In case you’re wondering why there haven’t been too many significant updates to Opus in recent days/weeks, the answer can be summed up in five words: “Toronto After Dark Film Festival” (aka “TADFF”). Todd from Twitch first brought my attention to the new festival, after he got the gig as the festival programmer (which, on a sidenote, means that the festival’s going to have a sweet line-up of films).
Earlier this year, some folks from TADFF contacted me, including Adam Lopez, the festival bigwig. After some negotiation, we reached an agreement, and I started working on the site around early March.
From the getgo, the site presented some challenges. How do you differentiate a film festival site from all of the other festival sites out there. And that’s especially hard when the festival in question is focusing on cult films in the sci-fi, horror, and action genres.
For starters, you resist using visual clichés as much as possible. You don’t design the site so that it looks like a film reel, for starters. You also do everything you can to avoid making the site look like a bad high school goth site. And of course, you try to make the site as well-organized and structured as possible, both from a content and structural perspective as well as a coding perspective (let’s hear it for semantic markup).
The site was also challenging in that, this being a brand new festival, we were all going about things a bit blindly. For example, none of the site’s content had been created yet, which is a bit backwards from how you should normally go about things (in my experience, anyways).
You start with the content, see how it can and should be organized, and then base the website structure, interfaces, and flow around that, as opposed to creating the design with some basic structure in mind, and then try to shoehorn your content into it.
The latter approach rarely goes smoothly. You almost always end up having to redo parts of the site design and navigation because the content is invariably at odds with some of it, or doesn’t fit into all of the structure you’ve created, or demands a slightly different layout.
This became very apparent in the week or so before the site launch, as Adam was in a content-generating frenzy. Everytime he sent me content, we also had to make some modification to the design (such as adjusting the menu options), so that the content would fit properly and make sense.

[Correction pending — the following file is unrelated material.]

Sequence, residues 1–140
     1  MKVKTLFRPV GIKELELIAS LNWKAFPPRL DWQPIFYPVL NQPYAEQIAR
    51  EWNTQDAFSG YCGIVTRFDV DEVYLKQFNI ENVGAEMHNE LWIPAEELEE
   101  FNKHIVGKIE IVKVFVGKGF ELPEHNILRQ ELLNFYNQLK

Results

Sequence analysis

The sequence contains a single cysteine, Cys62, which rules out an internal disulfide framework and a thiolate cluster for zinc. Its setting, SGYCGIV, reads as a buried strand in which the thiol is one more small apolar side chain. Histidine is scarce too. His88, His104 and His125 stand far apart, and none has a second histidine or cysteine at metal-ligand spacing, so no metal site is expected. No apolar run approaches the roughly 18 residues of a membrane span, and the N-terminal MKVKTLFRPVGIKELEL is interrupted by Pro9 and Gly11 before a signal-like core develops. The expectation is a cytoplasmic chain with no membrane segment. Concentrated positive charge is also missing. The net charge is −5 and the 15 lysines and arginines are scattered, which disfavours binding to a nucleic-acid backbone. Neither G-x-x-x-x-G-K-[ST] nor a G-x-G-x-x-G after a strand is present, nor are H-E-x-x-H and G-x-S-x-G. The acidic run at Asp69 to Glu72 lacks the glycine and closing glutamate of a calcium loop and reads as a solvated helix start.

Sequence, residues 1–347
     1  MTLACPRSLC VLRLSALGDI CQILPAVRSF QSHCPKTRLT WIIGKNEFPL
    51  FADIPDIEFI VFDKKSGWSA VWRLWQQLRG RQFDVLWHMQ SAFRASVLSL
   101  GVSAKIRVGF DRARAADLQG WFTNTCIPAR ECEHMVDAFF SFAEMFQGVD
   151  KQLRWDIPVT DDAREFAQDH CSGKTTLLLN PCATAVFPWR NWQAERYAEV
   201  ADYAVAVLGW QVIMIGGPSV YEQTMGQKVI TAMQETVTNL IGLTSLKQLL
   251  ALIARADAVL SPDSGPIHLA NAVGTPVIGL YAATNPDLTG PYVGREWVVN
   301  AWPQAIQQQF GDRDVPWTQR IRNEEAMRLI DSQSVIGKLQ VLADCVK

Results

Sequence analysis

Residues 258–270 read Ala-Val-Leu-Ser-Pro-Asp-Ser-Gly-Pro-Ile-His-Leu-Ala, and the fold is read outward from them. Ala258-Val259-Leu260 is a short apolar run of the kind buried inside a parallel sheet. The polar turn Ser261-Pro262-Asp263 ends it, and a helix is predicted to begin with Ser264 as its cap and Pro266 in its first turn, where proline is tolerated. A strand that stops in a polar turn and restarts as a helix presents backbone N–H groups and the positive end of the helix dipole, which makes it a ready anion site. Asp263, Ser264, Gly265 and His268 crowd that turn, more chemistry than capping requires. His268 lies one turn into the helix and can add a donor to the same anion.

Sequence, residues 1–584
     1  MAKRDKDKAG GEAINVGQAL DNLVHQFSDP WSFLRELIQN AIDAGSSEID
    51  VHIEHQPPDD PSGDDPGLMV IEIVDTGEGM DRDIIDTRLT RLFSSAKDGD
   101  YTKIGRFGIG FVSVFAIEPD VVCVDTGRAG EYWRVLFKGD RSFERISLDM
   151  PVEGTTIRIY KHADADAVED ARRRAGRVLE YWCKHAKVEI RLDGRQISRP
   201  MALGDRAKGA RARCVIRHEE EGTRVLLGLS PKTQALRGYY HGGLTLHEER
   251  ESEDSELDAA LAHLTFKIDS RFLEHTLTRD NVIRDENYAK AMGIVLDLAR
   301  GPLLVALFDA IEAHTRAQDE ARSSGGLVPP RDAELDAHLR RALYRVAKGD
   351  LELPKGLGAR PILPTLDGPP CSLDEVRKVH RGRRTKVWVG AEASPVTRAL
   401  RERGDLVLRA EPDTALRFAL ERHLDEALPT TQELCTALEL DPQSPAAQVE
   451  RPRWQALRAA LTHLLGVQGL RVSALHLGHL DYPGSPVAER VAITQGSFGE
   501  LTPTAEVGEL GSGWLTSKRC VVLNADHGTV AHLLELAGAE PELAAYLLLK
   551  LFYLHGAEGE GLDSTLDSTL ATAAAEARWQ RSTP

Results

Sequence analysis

So consider this a bit of advice: if you can help it, always start with the site content. Don’t push a single pixel or type a single bit of (X)HTML and CSS until you’ve got the site content written and organized into a fairly final version. It’ll make the rest of the process much easier.
One thing I’m kind of proud of is the festival mailing list portion of the site. The mailing list is being managed by a third party vendor called Constant Contact. Originally, I was going to develop a mailing list administrative module, but Constant Contact’s system is much more powerful and flexible than anything I could’ve developed given the time and budget we had.
Normally, Constant Contact’s system typically works like this: you add a link to your a site that launches a pop-up window that contains a form that the user fills out and submits. However, this form resides on Constant Contact’s server. Unfortunately, this requires A) a pop-up window (a huge no-no) and B) for the user to leave the TADFF website (also a no-no). Fortunately, we were able to work out a solution with Constant Contact, so that when you submit the mailing list form, some nice PHP scripts send all of the form data to Constant Contact’s server behind the scenes, leaving the user on the TADFF website.
Obviously, the site isn’t done yet, mainly because the festival program hasn’t been finalized yet. That will most likely happen towards the end of September. Which will facilitate a slight overhaul of the site to get the film info on there, as well as redo the mastheads to spotlight the various films.